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Kansas State Collegian

Kansas State Collegian

The independent student news publication at Kansas State University

Kansas State Collegian

Next-Gen K-State to advance Research and Discovery Innovation

Initiative aims to grow research expenditures to $300 million by 2030
The+Next-Gen+K-State+theme+for+March+is+Research+and+Discovery+Innovation.+David+Rosowsky%2C+team+lead+for+the+initiative%2C+said+K-State+hopes+to+increase+research+expenditures+by+50%25+by+2030.+%28Photo+courtesy+of+David+Rosowsky%29
David Mayes
The Next-Gen K-State theme for March is Research and Discovery Innovation. David Rosowsky, team lead for the initiative, said K-State hopes to increase research expenditures by 50% by 2030. (Photo courtesy of David Rosowsky)

Kansas State developed a 12-month strategic plan to share the goals and initiatives of Next-Gen K-State with students and faculty. The monthly content theme for March is Research and Discovery Innovation. 

According to the strategic plan, Next-Gen K-State’s goal is to “grow research expenditures to $300 million annually and sponsored programs and awards to $270 million annually” by 2030. 

“Every university reports to the federal government annually their total expenditures in research, and that’s that number,” David Rosowsky, vice president for research, said. “That allows us to compare ourselves to our peer and our aspirant institutions. We’re presently at about $220 million annual, and it bounces up and down a little bit, but that’s where we are. Our conservative growth target is $300 million annual, so that’s coming up on about a 50% growth.”

Rosowsky said his team is creating a “transdisciplinary culture in research at K-State” to achieve this goal.

“In other words, how do we bring people from different fields together to go after larger grants that are highly transdisciplinary in nature?” Rosowsky said. “This is where the most interesting research problems lie, where a significant amount of federal funding is available and where we find increasingly students and faculty are most excited to work.”

Greg Willems, president and CEO of the Kansas State University Foundation, said it works with researchers to help them achieve the Next-Gen K-State goal. 

“We have philanthropy that we create and attract to Kansas State that can advance research,” Willems said. “Probably the prime example is the new ag innovation project and facilities that we’re fundraising for and that are being developed for Kansas State. Those are going to have a huge impact on the research mission and capabilities for our faculty in the College of Ag.”

Willems said the KSU Foundation fundraises for research because it’s part of their “mission mandate.”

“Teaching and training students; research and discovery for innovation and for societal impact; and then advancing prosperity in Kansas: those are the three big components of Kansas State,” Willems said. “I think any of us that spend time around the university kind of appreciate the value and the nobility of new innovation, new discovery that enhances the lives of citizens.”

Rosowsky said increasing research expenditures will open up more opportunities for K-State researchers to solve world issues. 

“We have researchers,” Rosowsky said. “We have scholars. We want to create opportunities for them to work together as teams to tackle some of these grand challenges facing our people and our planet and in our place. And these are things like sustainability, and the environment, and climate, and air, and oceans, and food insecurity, and poverty and access to education. You know, these really big challenges ahead that are going to take, frankly, expertise from all disciplines to really bring solutions to bear.”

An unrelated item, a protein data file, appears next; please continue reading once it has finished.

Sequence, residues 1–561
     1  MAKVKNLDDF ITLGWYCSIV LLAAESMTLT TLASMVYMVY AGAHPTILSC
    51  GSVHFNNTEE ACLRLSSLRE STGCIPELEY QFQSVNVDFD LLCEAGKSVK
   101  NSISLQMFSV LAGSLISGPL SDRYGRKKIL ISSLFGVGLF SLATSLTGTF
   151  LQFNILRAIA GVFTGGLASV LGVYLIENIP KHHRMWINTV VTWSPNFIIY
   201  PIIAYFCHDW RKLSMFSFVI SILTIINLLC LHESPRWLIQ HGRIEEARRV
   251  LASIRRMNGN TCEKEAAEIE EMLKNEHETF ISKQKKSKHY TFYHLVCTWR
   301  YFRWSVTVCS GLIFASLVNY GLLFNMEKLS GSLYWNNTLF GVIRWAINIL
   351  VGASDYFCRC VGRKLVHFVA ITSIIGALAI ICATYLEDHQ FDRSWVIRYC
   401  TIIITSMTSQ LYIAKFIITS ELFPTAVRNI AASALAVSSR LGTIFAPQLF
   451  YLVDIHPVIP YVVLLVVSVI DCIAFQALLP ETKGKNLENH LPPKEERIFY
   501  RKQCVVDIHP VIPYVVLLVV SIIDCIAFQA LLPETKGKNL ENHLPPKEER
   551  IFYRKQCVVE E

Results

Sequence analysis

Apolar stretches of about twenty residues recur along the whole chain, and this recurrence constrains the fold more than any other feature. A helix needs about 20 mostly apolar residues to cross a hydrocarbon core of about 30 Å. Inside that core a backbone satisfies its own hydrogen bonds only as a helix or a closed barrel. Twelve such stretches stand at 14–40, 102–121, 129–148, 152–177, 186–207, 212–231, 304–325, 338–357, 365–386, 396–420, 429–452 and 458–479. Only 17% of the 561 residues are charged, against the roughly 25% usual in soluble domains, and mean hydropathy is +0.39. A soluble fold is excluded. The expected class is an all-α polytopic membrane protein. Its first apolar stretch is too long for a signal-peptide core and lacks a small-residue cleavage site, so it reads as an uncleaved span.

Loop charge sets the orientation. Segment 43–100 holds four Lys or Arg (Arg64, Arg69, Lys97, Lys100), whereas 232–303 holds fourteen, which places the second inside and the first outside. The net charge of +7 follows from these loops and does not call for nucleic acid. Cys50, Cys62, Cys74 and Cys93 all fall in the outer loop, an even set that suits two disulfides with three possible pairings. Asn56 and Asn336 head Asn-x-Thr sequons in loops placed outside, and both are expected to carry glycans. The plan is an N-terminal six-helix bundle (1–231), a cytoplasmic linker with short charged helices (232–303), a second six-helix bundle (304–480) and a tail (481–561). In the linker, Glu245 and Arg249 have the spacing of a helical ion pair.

Dylan Feist, senior in biochemistry and microbiology, said he hopes the Next-Gen K-State initiative will help researchers at K-State share their findings with the world.

“I think it would benefit K-State to host more experiences for people to share the research, not necessarily just at a K-State level, but maybe hosting larger conferences or symposiums and inviting people across the state or people across the nation,” Feist, Geisbrecht Lab researcher, said. 

Feist said increasing research expenditures will also help retain talented researchers at K-State. 

“At the end of the day, faculty and these professors, they’re wanting to pursue their research, and they want to be where they have the resources and support to make that,” Feist said. “So, if people have these people with great research, if we’re not supporting them and not providing additional resources towards them, they’re gonna leave for different institutions.”

Rosowsky said Next-Gen K-State’s focus on research is important because K-State is an R1 Research Institution.

“We’re in the very top tier of research universities, and it’s important that we recognize that it’s a very privileged place to be,” Rosowsky said. “And it’s a place that we intend to continue to be and continue to grow so that we can provide even greater opportunities for our students, and for our faculty and for those that we partner with in our research.” 

Willems said researchers aren’t the only people that should care about Research and Discovery Innovation.

“Just about everything we have in life — the luxuries, the benefits, the things that enrich our lives, have come from research and innovation and discovery, whether it’s our cell phone or just about anything else,” Willems said. “The food that we eat, the clothes that we wear, the vehicles that we drive — I don’t think you have a waking moment in life where you can’t see and experience research giving you an experience that’s richer and fuller and better.”

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About the Contributor
Meredith McCalmon, news editor
News editor for 2023-24. Previously writer for 2022-23.
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